Addley said this was the second year of the curriculum implementation, and the book supported the goals of promoting both acceptance and diversity within the school system. He explained that discussions of gender identity were not included in the SEL curriculum, and said the book was undergoing a review by an 11-member curriculum team to be completed by the end of the week.

Regardless of whether or not it would stay in the curriculum, Addley said the book was about acceptance – not gender identity.

“It’s about unconditional love. I’ll tell you what it’s not about,” Addley said. “It’s absolutely, categorically not about gender identity, gender expression, gender ideology. That is not what the text is about. It’s not what we teach or discuss as part of SEL or our diversity goal.”

But on her website, the author, Jessica Love, said she had the idea for the book when she began a relationship with a man whose brother was newly transitioning. Love said the family was struggling to explain the transition to children.

Love also said that drag was a huge source of inspiration in writing the book.

“Drag is professional make-believe, it’s the same kind of dead-serious play that children do, it’s that level of commitment, of exuberance and I think it is a similar alembic for transformation,” Love said.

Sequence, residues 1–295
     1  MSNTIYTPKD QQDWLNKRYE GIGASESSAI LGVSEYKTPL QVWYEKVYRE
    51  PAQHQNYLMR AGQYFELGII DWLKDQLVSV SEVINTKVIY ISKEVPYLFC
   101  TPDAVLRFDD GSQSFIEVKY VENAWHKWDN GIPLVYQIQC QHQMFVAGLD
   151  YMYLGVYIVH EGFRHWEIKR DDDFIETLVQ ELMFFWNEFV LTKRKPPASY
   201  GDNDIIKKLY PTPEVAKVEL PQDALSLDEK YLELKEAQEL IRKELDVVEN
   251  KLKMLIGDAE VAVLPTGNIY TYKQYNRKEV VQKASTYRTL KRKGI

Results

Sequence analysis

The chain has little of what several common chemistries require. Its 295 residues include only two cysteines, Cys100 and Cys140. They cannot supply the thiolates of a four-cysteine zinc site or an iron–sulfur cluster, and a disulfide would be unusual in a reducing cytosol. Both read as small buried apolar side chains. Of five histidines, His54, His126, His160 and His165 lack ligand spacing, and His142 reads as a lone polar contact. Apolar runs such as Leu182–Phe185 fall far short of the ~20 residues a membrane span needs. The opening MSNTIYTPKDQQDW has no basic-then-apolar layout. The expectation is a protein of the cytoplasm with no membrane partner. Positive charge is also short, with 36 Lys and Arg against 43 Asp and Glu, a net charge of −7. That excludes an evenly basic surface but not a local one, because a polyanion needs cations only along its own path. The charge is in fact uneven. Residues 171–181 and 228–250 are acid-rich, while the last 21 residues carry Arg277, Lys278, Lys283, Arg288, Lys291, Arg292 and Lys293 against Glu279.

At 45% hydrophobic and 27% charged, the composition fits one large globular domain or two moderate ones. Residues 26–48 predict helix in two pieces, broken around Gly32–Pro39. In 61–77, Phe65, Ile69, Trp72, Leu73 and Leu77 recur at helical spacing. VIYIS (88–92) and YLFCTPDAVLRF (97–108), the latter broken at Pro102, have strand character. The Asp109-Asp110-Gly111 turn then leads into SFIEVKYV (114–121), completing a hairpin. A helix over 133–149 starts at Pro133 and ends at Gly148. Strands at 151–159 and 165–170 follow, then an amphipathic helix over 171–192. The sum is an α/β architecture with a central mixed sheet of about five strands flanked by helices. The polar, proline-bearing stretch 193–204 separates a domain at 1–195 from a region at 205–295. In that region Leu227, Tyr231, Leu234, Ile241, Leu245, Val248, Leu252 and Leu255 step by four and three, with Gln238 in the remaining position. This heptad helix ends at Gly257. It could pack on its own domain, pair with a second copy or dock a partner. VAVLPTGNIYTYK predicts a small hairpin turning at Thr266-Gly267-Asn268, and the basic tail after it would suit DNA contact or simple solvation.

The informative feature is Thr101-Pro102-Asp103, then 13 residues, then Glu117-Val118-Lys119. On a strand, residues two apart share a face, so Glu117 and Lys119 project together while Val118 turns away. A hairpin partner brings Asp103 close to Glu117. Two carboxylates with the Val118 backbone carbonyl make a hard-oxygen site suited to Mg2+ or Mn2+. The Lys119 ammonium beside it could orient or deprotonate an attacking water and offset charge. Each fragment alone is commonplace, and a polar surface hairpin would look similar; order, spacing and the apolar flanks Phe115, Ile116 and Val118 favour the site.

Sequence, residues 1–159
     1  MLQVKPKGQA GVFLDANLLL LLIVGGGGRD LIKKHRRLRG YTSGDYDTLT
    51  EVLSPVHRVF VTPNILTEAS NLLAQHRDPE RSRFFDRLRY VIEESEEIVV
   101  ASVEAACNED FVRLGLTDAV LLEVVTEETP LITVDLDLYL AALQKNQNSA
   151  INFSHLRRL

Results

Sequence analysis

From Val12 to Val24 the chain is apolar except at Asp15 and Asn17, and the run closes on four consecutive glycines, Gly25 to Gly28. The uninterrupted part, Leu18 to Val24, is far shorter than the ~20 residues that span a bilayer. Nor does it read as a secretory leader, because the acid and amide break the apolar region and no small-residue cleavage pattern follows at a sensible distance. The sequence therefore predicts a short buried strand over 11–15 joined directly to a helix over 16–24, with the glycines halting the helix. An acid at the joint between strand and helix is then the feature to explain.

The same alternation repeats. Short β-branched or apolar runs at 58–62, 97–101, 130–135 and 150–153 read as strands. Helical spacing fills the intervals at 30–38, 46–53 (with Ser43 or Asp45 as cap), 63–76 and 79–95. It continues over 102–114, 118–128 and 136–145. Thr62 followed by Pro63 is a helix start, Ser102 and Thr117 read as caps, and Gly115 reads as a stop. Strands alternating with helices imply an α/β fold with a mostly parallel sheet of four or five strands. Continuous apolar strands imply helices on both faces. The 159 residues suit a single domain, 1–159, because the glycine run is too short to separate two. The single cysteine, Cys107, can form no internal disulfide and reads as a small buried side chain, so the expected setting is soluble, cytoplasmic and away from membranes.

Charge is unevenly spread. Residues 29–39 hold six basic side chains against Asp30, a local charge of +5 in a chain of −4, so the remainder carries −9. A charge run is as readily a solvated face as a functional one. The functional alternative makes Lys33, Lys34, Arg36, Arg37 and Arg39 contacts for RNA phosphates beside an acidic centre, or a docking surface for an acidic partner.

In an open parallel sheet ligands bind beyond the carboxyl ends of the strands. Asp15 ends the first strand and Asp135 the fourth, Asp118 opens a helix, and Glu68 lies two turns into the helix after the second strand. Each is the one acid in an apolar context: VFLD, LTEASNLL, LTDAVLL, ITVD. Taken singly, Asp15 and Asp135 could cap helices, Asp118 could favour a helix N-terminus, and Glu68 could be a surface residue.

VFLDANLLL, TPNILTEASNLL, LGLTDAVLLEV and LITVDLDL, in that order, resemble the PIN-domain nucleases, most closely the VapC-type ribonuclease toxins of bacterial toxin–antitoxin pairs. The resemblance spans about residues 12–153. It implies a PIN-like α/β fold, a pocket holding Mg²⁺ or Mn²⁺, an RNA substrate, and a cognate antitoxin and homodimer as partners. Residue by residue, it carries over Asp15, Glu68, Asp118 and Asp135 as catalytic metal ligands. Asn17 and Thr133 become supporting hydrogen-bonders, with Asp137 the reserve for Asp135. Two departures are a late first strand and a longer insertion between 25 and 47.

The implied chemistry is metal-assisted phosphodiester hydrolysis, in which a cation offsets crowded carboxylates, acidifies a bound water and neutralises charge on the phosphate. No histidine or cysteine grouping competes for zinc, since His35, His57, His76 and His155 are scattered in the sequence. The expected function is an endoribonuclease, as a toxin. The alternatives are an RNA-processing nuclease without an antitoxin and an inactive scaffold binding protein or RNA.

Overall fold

Ultimately, though, Love said the story was about the moment in which a child reveals something essential about who they are, and are recognized with love.

Mallory Grimste, a mental health therapist based in Woodbridge who specializes in treating teenagers, said there is no one-size-fits-all approach for the right age to begin gender identity conversations, but said parents should be prepared to answer questions regardless.

“Whether you talk directly with your children about gender and gender identity or not, they are being exposed to a variety of genders and gender identities in our daily lives so being prepared to address questions compassionately will help children be able to do the same as they encounter others, or when they themselves start to express their gender identity,” Grimste said.

Grimste said that most of the teenagers she worked with hold onto experiences they had at a very young age, so discussing gender identity with compassion meant lessening the stigma as they grew older.

Grimste also said that a lack of gender identity discussions could eventually lead to mental health issues for students. 

“Creating an exclusive environment where only certain types of identities are allowed to be discussed or expressed could lead to isolation and shame, which we know creates an increased risk of depressive episodes, self-harm, and possibly even suicidal ideation,” Grimste said.

Grimste added that she would be surprised if most second graders were able to connect a story about a young boy dressing up as a mermaid to transitioning genders.

“Heck, some adults wouldn’t even necessarily draw that conclusion, especially if you’re reading the story at face value,” Grimste said.